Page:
Upon his foe, a dragon horrible and stearne.

A lovely ladie rode him faire beside,
Upon a lowly asse more white than snow;
Yet she much whiter; but the same did hide
Under a vele, that wimpled was full low ;
And over all a blacke stole she did throw;

As one that inly mournd, so was she sad,
And heavie sate upon her palfrey slow;
Seemed in hart some hidden care she had ;
And by her in a line a milke-white lambe she lad.

So pure and innocent, as that same lambe, She was in life and every vertuous lore; And by descent from royall lynage came Of ancient kinges and queenes, that had of yore Their sceptres stretcht from east to western shore, And all the world in their subjection held; Till that infernal feend with foule uprore Forwasted all their land, and them expeld; (peld. Whom to avenge, she had this knight from far com

Behind her farre away a dwarfe did lag,
That lasie seemd, in being ever last,
Or wearied with bearing of her bag
Of needments at his backe. Thus as they past,
The day with cloudes was suddeine overcast,
And angry love an hideous storme of raine
Did poure into his lemans lap so fast,
That everie wight to shrowd it did constrain; (fain.
And this fair couple eke to shroud themselves were

Enforst to seeke some covert nigh at hand,
A shadie grove not far away they spide,
That promist ayde the tempest to withstand ;
Whose loftie trees, yclad with sommers pride,
Did spred so broad, that Heavens light did hide,
Not perceable with power of any star :
And all within were pathes and alleies wide,
With footing worne, and leading inward farr:
Faire harbour that them seemes; so in they entred ar.

And foorth they passe, with pleasure forward led,
loying to heare the birdes sweete harmony,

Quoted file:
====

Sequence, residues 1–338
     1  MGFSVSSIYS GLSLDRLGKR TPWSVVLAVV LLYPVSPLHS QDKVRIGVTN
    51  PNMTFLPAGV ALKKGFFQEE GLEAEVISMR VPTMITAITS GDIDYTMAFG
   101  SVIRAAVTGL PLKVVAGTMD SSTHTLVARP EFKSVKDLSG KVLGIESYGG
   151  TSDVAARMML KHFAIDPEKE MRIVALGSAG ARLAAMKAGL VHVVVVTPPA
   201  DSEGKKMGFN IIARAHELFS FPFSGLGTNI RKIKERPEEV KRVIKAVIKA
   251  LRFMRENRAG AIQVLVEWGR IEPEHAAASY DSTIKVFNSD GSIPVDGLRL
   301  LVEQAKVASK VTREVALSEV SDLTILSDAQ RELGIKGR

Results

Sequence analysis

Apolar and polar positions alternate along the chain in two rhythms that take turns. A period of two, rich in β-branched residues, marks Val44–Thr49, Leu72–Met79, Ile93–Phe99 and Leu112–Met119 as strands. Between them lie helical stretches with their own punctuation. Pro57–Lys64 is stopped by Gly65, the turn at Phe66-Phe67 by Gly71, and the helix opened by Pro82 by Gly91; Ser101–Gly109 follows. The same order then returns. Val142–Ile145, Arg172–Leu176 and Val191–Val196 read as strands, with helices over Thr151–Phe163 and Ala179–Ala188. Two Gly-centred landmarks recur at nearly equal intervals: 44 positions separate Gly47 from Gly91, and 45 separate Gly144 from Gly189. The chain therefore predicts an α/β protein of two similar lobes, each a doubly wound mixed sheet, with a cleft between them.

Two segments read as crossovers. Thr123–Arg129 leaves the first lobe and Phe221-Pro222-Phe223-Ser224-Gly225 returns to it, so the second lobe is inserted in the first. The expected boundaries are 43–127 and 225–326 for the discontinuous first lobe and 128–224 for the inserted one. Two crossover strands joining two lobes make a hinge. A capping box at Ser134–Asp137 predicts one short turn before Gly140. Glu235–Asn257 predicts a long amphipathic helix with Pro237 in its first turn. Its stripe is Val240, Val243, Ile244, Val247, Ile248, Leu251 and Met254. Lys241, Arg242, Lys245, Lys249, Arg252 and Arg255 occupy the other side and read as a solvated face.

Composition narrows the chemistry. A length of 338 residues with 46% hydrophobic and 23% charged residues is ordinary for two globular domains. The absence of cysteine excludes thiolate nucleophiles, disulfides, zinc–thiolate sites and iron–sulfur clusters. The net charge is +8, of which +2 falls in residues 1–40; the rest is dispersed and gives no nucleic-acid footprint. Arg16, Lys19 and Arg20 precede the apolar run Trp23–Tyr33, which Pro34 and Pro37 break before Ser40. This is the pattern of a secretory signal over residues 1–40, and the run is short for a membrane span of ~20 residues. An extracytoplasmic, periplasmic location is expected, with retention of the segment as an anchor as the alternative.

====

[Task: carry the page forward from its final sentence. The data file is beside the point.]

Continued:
Which, therein shrouded from the tempest dred,
Seemd in their song to scorne the cruel sky.
Much can they praise the trees so straight and hy,
The sayling pine; the cedar proud and tall;
The vine-propp elme; the poplar never dry ;
The builder oake, sole king of forrests all ;
The aspine good for staves; the cypresse funerall ;

The laurell, meed of mighty conquerours
And poets sage; the firre that weepeth still;
The willow, worne of forlorne paramours;
The eugh, obedient to the benders will,
The birch for shaftes; the sallow for the mill ;
The mirrhe sweete-bleeding in the bitter wound;
'The warlike beech; the ash for nothing ill;
The fruitfull olive; and the platane round;
The carver holme; the maple seeldom inward

sound.

Led with delight, they thus beguile the way,
Until the blustring storme is overblowne;
When, weening to returne whence they did stray,
They cannot finde that path, which first was showne,
But wander too and fro in waies unknowne,
Furthest from end then, when they neerest weene,
That makes them doubt their wits be not their owne:
So many pathes, so many turnings seene, [been.
That, which of them to take, in diverse doubt they

At last resolving forward still to fare,
Till that some end they finde, or in or out,
That path they take, that beaten seemd most bare,